Speeding behavior can also be explained in terms dual-process theory. Jongen et al. [86] was among the first to provide evidence for a dual process theory of risky riding by showing that a momentary reward leads to speeding among young riders, while cognitive control interacted with driving performance (i.e., lower inhibitory control related to increased lane-keeping variability). Nevertheless, they were not able to include a full test of a dual-process theory of risky driving, which included the component of cognitive control and a socio-reward context as stated by Lambert et al. [87]. Additionally, the study reveals seeking adventure and thrill as primary reasons young riders indulge in speeding, besides seeking peer attention, getting late to reach the destination, racing with fellow riders, and influencing movies. Stress was another reason given by the participants, which aligns with what was found in studies conducted by Kohli [88] in India and Romero et al. [79] in Brazil. The current study suggests that ego plays an essential role in shaping the behavior of young riders. This reflects the findings obtained by Romero et al. [79]: personality traits including impulsivity, ego, and violence contributed to a significant share of road crashes among young Brazilian riders. Moreover, youths are careless when it comes to the regular and proper maintenance of their motorcycles. They set aside their pocket money for other expenses and do not get their motorcycles regularly serviced. Previous studies have reported an increased risk of road crashes if motorcycles are not adequately maintained [89].
The importance of environmental factors (i.e., climate and road infrastructure) emerged as another major theme from the current FGDs. This aligns with the study conducted by Huth et al. [41]. Climatological conditions such as extreme rainfall and humidity worsen road conditions, especially during the monsoon season. This, in turn, increases crash risk [48,90]. The discussion revealed the non-functioning of the basic road safety infrastructure in the city, making riders vulnerable to crashes, which reflects findings reported in another qualitative study where a broad selection of road safety stakeholders (e.g., government officials, subject experts, road traffic injury victims, trauma surgeons, medical interns, nurses and taxi drivers) were consulted for their perceptions of road safety in Hyderabad, India [90]. Participants were critical of the local authorities in maintaining the basic road safety infrastructure and the loopholes in issuing a license for a two-wheeler. The participants narrated their experiences in the RTO to justify their claims. It has been argued in other studies as well that the screening procedure in issuing a license should be strictly followed to curtail the presence of unskilled riders on the road [91].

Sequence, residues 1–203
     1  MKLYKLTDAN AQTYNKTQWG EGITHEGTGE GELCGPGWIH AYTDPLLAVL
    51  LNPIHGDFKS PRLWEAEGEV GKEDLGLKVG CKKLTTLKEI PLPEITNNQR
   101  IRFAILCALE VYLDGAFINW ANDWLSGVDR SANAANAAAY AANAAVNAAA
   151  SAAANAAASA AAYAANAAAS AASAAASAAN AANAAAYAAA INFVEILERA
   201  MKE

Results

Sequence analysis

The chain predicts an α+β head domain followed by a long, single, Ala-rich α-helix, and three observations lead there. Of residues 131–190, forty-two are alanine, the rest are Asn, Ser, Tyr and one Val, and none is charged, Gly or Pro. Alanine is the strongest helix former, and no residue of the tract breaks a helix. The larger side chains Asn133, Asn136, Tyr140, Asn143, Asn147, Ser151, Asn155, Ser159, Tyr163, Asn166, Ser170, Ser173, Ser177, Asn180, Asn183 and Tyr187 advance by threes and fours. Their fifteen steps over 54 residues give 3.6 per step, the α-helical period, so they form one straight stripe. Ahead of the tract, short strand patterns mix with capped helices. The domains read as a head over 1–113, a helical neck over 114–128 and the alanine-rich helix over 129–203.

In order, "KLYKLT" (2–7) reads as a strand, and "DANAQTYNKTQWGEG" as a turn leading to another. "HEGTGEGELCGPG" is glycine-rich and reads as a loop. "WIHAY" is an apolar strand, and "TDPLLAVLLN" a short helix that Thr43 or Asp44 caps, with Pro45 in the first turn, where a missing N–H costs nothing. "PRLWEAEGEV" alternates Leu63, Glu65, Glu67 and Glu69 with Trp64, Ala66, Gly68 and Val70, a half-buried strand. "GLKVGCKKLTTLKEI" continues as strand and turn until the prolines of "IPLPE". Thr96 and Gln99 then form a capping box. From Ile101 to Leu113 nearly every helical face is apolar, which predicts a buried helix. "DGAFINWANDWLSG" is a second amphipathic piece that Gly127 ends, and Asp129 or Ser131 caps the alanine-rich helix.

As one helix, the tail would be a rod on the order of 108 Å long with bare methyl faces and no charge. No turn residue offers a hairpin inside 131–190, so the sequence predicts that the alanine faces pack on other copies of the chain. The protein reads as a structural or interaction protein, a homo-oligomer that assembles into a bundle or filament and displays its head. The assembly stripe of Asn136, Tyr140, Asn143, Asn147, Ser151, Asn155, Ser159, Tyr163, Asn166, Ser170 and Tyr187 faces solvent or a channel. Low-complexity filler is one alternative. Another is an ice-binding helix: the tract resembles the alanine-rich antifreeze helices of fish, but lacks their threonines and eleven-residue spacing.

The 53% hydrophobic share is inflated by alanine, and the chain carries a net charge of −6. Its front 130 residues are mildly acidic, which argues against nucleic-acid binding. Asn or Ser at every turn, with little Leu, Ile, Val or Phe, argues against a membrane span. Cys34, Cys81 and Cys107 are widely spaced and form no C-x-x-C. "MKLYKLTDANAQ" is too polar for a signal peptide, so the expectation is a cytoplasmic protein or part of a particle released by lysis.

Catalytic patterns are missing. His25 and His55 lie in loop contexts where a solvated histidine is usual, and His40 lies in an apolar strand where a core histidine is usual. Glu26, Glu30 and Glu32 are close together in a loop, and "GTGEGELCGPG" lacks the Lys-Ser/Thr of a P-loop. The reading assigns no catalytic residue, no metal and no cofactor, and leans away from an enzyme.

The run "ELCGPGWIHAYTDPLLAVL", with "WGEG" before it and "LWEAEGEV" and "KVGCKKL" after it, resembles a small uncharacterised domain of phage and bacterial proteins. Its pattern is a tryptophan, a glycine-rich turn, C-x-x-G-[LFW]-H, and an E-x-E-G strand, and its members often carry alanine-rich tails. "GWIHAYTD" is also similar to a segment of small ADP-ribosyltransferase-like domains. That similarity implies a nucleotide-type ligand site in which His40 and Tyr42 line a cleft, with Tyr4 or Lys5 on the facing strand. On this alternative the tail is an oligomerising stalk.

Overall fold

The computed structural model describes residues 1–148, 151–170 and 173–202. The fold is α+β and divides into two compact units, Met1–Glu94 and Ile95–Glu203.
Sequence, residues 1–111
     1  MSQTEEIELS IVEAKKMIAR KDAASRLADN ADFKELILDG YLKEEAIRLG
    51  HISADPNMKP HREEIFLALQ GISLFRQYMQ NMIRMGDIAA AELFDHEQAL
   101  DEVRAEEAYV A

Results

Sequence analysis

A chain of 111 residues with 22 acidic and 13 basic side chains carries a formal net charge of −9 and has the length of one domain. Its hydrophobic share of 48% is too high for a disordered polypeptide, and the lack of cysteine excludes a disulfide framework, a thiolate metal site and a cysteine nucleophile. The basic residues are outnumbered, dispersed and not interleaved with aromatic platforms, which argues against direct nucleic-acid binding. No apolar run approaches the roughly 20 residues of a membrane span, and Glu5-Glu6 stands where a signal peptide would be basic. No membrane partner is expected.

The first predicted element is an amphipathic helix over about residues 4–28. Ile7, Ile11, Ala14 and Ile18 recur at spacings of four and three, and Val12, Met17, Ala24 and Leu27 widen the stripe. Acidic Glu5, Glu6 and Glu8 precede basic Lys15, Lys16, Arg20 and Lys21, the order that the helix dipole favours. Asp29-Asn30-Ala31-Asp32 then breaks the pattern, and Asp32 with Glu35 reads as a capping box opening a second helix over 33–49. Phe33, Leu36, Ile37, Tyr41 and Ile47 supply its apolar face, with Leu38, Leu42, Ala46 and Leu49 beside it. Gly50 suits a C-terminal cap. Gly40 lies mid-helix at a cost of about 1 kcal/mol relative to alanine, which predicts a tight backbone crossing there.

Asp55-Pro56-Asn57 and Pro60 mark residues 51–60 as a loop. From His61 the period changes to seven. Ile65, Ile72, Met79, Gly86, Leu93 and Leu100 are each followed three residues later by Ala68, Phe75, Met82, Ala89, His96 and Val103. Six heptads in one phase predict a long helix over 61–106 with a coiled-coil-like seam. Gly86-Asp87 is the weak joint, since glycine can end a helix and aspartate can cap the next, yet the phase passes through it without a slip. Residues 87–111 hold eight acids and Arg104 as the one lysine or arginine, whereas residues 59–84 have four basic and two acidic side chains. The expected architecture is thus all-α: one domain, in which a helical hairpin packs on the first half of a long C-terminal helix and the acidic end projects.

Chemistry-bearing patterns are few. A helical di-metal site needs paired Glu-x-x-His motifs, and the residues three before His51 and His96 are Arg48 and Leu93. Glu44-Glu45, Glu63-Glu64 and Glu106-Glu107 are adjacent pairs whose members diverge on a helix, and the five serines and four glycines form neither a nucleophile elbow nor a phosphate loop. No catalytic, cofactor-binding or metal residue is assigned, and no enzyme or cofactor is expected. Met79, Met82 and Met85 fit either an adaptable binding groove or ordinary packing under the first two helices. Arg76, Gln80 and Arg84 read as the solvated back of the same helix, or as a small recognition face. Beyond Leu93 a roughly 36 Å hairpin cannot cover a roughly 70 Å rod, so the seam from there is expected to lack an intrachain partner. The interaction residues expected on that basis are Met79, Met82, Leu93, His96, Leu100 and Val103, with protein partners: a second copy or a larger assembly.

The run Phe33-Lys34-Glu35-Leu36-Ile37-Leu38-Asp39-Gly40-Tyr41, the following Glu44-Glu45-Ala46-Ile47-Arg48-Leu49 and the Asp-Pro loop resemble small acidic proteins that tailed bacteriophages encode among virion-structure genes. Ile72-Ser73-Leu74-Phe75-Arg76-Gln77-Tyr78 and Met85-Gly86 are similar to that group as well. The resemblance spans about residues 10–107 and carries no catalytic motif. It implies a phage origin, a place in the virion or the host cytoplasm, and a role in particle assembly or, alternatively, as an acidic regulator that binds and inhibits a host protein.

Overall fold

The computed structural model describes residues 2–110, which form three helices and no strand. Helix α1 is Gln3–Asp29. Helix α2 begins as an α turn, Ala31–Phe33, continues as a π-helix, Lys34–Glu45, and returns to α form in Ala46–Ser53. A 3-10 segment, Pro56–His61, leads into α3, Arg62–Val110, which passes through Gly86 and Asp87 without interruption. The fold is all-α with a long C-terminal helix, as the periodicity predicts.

As for ways to improve the road safety of younger riders, participants suggested conducting awareness programmes through the coordinated effort of public bodies, educational institutions, and the traffic department [90]. Additionally, authorization of student volunteers to monitor other youths if they are abiding by the traffic laws in and around the city was proposed. Walking and cycling could be promoted by creating a separate lane for the cyclist and via the construction of subways for pedestrians. Some of the participants felt the need to improve public transport facilities outside bars/pubs to minimize the risk of crashes due to alcohol impairment [91]. Bar/pub authorities could take up the responsibility of setting limits on serving liquor to the youths. Furthermore, information, education, and communication materials could be displayed on the premises for creating awareness. The potential for such on-site interventions has been demonstrated for instance, in Europe. To illustrate, the EU-funded project Focus on Alcohol Safe Environments focused on available evidence for the success of five intervention areas aimed at preventing alcohol-related harm in drinking environments, i.e., (1) training of responsible servers and staff, (2) reduction of underage access to alcohol, (3) policing and enforcement, (4) brief interventions in drinking establishments (e.g., offering of incentives for designated drivers), and (5) community-based multi-component programs. Although results were mixed across these five areas, the clearest evidence for success came from community-based programs that combine a range of coordinated measures implemented through string multi-agency partnership. The Swedish STAD-project (Stockholm Prevents Alcohol and Drug Problems) serves as a good practice example. A range of measures were implemented, including responsible beverage service training, community mobilization, and increased enforcement, resulting in a reduction of the number of crimes by 29% in the intervention area in a cost-effective way.